World Cup Virus Aims To Foul Football Fans
Posted on 07 June 2002.
Sophos, a world leader in corporate anti-virus protection, today advised computer users of the threat posed by a new virus which tries to exploit workers desperate to find out the latest scores from the World Cup in S Korea/Japan.

The VBS/Chick-F virus spreads via email and internet relay chat posing as a web utility to see up-to-the-minute results from the football championship.

"Whoever wrote this virus is aiming to exploit football fans around the world, hungry for news about their team's progress," said Graham Cluley, senior technology consultant for Sophos Anti-Virus. "System administrators should ensure that staff who forget to feign illness and actually turn up at work don't incur the penalties a virus infection can bring."

The new virus typically arrives in an email with the subject "RE: Korea Japan Results". If the recipient runs the attached file and follows its instructions to enable ActiveX the worm will attempt to spread via Internet Relay Chat and forward itself to everyone in the user's address book.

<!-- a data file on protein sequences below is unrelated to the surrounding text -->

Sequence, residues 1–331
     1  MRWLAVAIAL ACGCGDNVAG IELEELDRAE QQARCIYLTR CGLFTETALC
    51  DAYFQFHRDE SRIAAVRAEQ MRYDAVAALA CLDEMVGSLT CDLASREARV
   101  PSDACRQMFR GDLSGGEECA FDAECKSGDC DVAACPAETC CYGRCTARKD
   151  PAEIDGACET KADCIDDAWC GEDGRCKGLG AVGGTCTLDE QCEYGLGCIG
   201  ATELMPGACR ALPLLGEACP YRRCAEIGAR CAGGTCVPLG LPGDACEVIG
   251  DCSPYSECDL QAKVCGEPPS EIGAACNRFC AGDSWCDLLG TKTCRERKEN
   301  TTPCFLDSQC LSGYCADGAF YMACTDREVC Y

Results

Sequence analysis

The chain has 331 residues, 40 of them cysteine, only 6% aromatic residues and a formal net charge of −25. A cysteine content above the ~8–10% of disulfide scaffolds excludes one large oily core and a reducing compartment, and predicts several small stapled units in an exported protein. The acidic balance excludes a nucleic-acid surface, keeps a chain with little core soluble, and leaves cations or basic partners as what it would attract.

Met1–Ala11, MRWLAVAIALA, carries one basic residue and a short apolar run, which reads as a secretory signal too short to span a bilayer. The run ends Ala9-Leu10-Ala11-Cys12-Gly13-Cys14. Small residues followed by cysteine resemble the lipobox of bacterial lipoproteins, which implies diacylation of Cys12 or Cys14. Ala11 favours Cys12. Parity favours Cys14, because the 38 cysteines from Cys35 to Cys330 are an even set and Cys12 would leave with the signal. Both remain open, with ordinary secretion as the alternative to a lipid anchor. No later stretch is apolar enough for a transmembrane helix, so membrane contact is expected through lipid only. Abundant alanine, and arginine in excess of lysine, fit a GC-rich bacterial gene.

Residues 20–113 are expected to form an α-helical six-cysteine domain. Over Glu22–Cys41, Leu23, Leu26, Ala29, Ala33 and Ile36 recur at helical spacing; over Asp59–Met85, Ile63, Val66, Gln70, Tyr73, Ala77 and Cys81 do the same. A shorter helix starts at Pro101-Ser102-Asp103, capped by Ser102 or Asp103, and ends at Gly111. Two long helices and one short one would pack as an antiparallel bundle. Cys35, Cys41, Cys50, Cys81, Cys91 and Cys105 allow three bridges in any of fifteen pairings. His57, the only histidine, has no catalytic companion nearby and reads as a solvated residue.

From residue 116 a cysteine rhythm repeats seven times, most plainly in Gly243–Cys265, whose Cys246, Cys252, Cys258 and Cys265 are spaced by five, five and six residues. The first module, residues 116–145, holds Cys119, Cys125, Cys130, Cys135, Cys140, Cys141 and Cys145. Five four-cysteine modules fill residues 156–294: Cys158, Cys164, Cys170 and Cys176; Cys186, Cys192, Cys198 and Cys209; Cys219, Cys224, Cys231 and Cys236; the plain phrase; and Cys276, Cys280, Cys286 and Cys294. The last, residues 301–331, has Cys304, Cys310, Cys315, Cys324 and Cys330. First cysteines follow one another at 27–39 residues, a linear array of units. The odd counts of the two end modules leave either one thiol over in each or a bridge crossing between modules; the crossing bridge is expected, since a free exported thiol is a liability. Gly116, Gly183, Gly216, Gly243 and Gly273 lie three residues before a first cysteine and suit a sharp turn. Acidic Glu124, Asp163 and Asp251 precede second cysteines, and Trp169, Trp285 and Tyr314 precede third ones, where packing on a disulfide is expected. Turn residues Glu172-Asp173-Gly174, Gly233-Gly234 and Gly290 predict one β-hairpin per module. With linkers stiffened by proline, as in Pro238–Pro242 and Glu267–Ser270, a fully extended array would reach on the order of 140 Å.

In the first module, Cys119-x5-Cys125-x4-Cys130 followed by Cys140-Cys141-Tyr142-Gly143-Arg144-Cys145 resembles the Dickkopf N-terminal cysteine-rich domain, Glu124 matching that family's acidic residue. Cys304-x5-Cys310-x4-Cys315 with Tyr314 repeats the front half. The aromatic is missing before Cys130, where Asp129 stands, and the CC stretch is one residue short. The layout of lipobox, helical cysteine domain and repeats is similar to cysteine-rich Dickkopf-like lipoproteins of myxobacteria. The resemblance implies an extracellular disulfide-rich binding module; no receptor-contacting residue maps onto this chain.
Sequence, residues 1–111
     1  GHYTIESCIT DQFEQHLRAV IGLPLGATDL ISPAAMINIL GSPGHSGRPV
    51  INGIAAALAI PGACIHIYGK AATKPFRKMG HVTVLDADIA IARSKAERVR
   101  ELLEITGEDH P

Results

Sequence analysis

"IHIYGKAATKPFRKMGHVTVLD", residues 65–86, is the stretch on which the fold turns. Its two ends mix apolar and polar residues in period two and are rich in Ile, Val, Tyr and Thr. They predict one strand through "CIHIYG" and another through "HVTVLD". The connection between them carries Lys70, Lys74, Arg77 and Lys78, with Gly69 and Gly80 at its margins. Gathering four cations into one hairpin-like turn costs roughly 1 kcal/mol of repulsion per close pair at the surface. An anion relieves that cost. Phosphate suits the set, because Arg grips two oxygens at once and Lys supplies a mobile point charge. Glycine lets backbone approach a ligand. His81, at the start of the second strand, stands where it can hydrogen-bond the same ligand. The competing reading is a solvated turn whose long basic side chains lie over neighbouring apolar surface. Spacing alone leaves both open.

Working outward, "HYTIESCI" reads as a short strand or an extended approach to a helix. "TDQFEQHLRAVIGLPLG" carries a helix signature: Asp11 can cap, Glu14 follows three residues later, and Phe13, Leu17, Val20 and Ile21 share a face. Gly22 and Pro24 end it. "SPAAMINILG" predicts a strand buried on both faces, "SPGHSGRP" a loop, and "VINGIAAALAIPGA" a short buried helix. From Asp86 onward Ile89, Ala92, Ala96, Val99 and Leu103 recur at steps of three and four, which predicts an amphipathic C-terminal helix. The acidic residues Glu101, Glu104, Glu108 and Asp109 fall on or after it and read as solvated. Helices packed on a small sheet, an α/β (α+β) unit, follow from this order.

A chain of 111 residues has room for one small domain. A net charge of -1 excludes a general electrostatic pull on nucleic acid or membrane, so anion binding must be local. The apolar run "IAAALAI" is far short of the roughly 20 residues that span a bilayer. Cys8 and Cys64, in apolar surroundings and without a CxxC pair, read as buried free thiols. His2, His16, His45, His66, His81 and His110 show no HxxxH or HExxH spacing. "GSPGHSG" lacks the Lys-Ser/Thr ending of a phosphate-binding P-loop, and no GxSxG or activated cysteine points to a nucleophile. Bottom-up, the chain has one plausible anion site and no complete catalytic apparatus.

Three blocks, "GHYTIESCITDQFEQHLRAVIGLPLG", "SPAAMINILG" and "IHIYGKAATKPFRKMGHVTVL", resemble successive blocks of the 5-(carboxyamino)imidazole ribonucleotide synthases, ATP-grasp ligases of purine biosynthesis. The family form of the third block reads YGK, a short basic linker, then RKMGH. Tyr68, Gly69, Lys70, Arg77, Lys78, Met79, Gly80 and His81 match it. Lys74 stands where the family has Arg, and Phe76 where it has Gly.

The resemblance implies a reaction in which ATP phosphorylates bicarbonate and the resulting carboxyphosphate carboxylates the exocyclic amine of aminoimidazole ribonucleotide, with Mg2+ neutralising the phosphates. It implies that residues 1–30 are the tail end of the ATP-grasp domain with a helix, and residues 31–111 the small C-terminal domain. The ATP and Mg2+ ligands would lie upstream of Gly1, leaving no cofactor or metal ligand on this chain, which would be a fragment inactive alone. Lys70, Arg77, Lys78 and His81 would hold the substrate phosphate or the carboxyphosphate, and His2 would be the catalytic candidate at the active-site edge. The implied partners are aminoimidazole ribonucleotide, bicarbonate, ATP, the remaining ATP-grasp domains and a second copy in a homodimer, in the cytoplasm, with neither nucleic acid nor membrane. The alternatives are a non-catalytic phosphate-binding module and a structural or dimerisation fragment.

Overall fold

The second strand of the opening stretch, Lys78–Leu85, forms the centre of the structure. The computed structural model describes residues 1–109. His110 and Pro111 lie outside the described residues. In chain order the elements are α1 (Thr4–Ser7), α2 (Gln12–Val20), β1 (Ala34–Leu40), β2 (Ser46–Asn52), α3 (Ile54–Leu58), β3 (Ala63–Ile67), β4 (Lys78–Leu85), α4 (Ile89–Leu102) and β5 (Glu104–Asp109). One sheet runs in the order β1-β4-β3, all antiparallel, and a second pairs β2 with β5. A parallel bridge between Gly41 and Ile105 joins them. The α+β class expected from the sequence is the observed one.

Sophos has received no reports of the virus in the wild to date, but notes that it comes just days after it warned companies of the dangers of lax security during the World Cup competition. Sophos advises users to keep their anti-virus protection up-to-date and to be suspicious of all unsolicited email attachments.

In 1998, in the run-up to the World cup competition in France, another football-inspired virus asked infected victims to gamble on who the winner might be, and if the user did not choose the right team triggered a warhead which was capable of wiping all the data off the hard drive.

More details about VBS/Chick-F can be found on the Sophos website at:
http://www.sophos.com/virusinfo/analyses/vbschickf.html





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